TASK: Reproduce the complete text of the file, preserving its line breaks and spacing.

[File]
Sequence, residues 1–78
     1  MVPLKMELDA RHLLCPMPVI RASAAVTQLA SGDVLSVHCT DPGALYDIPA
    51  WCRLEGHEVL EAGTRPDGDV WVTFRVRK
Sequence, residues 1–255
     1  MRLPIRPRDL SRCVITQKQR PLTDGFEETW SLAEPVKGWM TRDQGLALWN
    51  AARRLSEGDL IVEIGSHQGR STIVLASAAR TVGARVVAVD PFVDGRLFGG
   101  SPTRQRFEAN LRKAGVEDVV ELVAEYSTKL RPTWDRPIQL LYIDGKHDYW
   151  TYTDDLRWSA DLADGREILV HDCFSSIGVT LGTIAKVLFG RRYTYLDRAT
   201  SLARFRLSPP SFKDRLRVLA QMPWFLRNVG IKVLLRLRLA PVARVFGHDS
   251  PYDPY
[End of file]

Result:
Sequence, residues 1–78
     1  MVPLKMELDA RHLLCPMPVI RASAAVTQLA SGDVLSVHCT DPGALYDIPA
    51  WCRLEGHEVL EAGTRPDGDV WVTFRVRK
Sequence, residues 1–255
     1  MRLPIRPRDL SRCVITQKQR PLTDGFEETW SLAEPVKGWM TRDQGLALWN
    51  AARRLSEGDL IVEIGSHQGR STIVLASAAR TVGARVVAVD PFVDGRLFGG
   101  SPTRQRFEAN LRKAGVEDVV ELVAEYSTKL RPTWDRPIQL LYIDGKHDYW
   151  TYTDDLRWSA DLADGREILV HDCFSSIGVT LGTIAKVLFG RRYTYLDRAT
   201  SLARFRLSPP SFKDRLRVLA QMPWFLRNVG IKVLLRLRLA PVARVFGHDS
   251  PYDPY